The simple retransmission s heme relies on the initiator of a transmission
re-sending a frame if an ACK (a knowledgment) is not re eived within the
timeout. The frame number and the mat hing a knowledgment numbers are
109

110

CHAPTER 13.

RELIABLE COMMUNICATIONS

Prog A

Prog B
Frame 0
Ack 0
Frame 1
Ack 1
Frame 0

Timeout
Retransmit

Frame 0
Ack 0
Frame 1

Timeout
Retransmit

Ack 1
Frame 1
Ack 1

Discard
Duplicate
Frame

Figure 13.1: Stop and Wait ARQ
used to dis over and eliminate dupli ate transmissions. In the example only 2
frame and a knowledgment numbers are used as this is suÆ ient to dis over any
repeated transmission with at most one outstanding transmission. When this
s heme is applied in data ommuni ations a NAK (negative a knowledgment)
is often used to allow orrupted pa kets to be resent before the timeout expires.
As Erlang ommuni ations are always orre t or not present at all NAKs are
not required.
Features of the simple retransmission s heme: 

Timeout delay must be greater than the round trip time of the message
and the ACK. 

Timeout delay en ountered before re overy an o ur. 

State must be held until an ACK o urs otherwise re overy annot o ur. 

If a pro ess is ommuni ating with many other pro esses, the ommuni ation must be uniquely identi ed.

Figure 13.2 shows one implementation of this re overy me hanism. The
program in gure 13.3 and a test run in gure 13.4 show how the sawarq.erl
module an be used. The test program implements a tallier for adding up
billing re ords. Billing information should not be lost so a reliable transmission
me hanism is used to transfer the information. Re overing the total from the
tallier requires that the information be timely, so an unreliable me hanism for
transferring the data is used.

13.2.

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BACKWARD ERROR CORRECTION

111

-module(sawarq).
-export([open/3, xmit/2, re v/1, pro exists/1℄).
open(Dest, Timeout, Retry) ->
RefId = make_ref(),
{Dest, RefId, 0, Timeout, Retry}.
xmit({Dest, RefId, N, Timeout, Retry}, Mesg) ->
Dest ! {self(), RefId, N, Mesg},
re eive
{RefId, N, a k} ->
{Dest, RefId, (N+1) rem 2, Timeout, Retry};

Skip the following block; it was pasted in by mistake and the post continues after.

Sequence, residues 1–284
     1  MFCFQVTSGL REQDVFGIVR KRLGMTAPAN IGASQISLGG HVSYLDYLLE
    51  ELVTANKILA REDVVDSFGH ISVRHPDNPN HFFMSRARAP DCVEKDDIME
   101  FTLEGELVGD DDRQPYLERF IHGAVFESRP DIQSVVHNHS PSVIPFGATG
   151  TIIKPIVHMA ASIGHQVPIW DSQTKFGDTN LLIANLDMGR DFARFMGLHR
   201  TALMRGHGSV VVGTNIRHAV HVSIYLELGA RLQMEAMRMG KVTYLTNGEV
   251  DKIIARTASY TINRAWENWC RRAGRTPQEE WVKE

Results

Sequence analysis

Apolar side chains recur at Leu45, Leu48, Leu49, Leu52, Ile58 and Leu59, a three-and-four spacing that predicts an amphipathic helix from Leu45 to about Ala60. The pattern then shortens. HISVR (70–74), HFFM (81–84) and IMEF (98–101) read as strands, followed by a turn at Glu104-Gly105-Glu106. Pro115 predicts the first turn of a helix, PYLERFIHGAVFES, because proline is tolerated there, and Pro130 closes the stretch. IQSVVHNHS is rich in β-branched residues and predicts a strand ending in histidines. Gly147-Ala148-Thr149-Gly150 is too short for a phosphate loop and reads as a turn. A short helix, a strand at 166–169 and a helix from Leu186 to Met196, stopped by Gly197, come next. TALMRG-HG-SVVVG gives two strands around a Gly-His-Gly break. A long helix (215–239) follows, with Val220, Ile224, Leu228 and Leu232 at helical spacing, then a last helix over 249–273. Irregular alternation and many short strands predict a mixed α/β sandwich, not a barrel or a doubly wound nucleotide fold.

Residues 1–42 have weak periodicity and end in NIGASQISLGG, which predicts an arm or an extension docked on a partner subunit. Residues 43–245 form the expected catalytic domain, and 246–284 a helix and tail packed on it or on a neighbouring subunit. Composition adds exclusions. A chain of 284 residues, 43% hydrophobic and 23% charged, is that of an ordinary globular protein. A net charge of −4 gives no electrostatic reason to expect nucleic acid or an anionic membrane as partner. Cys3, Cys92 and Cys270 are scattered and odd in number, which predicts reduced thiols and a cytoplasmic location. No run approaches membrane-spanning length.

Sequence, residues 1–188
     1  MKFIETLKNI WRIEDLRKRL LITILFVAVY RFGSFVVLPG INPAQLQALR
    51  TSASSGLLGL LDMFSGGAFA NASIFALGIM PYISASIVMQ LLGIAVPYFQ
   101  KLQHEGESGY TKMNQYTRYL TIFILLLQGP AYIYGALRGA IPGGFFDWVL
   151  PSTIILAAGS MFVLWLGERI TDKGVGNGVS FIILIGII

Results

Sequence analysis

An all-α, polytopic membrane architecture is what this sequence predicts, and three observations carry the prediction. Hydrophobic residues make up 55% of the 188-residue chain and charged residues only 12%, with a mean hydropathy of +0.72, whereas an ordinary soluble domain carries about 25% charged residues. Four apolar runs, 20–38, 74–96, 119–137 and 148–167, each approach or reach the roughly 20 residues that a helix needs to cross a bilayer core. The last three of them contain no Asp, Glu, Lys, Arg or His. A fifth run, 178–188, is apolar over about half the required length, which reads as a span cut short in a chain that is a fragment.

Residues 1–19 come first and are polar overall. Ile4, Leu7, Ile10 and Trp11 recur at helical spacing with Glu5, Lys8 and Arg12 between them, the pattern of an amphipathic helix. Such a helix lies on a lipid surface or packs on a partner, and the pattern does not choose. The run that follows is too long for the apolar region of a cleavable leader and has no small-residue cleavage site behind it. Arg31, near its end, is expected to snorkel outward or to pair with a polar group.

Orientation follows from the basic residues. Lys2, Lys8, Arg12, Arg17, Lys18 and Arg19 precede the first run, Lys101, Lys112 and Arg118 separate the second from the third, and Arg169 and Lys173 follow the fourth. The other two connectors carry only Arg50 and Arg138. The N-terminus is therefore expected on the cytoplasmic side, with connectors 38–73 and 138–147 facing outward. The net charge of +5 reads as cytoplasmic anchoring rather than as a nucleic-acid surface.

{RefId, OtherN, a k} ->
error
after Timeout ->
ase pro exists(Dest) of
true ->
re eive
after Retry ->
ok
end,
xmit({Dest, RefId, N, Timeout, Retry}, Mesg);
_ ->
error
end
end.
re v(N) ->
re eive
{Sender, RefId, N, Mesg} ->
Sender ! {RefId, N, a k},
{(N+1) rem 2, Mesg};
{Sender, RefId, _, Mesg} ->
error
end.
pro exists(Pid) when pid(Pid) ->
Nd = node(Pid),
ThisNd = node(),
ListPro = if
Nd == ThisNd ->
pro esses();
true ->
rp : all(Nd, erlang, pro esses, [℄)
end,
lists:member(Pid, ListPro );
pro exists(Name) ->
ase whereis(Name) of
undefined -> false;
_ -> true
end.

Figure 13.2: Sour e ode for implementing `Stop and Wait ARQ': sawarq.erl

112

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CHAPTER 13.

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-module(total).
-export([start/0, read/1, add/2, tallier/2℄).
timeout() -> 10000.
retry() -> 100000.
start() ->
Pid = spawn(total, tallier, [0, 0℄),
sawarq:open(Pid, timeout(), retry()).
read(Conne t) ->
Conne tp = sawarq:xmit(Conne t, {read, self()}),
Result = re eive
X -> X
after timeout() ->
error
end,
{Conne tp, Result}.
add(Conne t, T) ->
sawarq:xmit(Conne t, {add, T}).
tallier(N, Total) ->
{Np, Msg} = sawarq:re v(N),
ase Msg of
{read, Pid} ->
Pid ! Total,
tallier(Np, Total);
{add, T} ->
tallier(Np, Total + T);
_ ->
tallier(Np, Total)
end.

Figure 13.3: Tallier: total.erl

13.3.

FORWARD ERROR CORRECTION

113

% erl
Erlang (BEAM) emulator version 4.6.4
Eshell V4.6.4 (abort with ^G)
1> P = total:start().
{<0.28.0>,#Ref,0,10000,100000}
2> {Pp, R} = total:read(P).
{{<0.28.0>,#Ref,1,10000,100000},0}
3> Ppp = total:add(Pp, 10).
{<0.28.0>,#Ref,0,10000,100000}
4> {Pppp, Rp} = total:read(Ppp).
{{<0.28.0>,#Ref,1,10000,100000},10}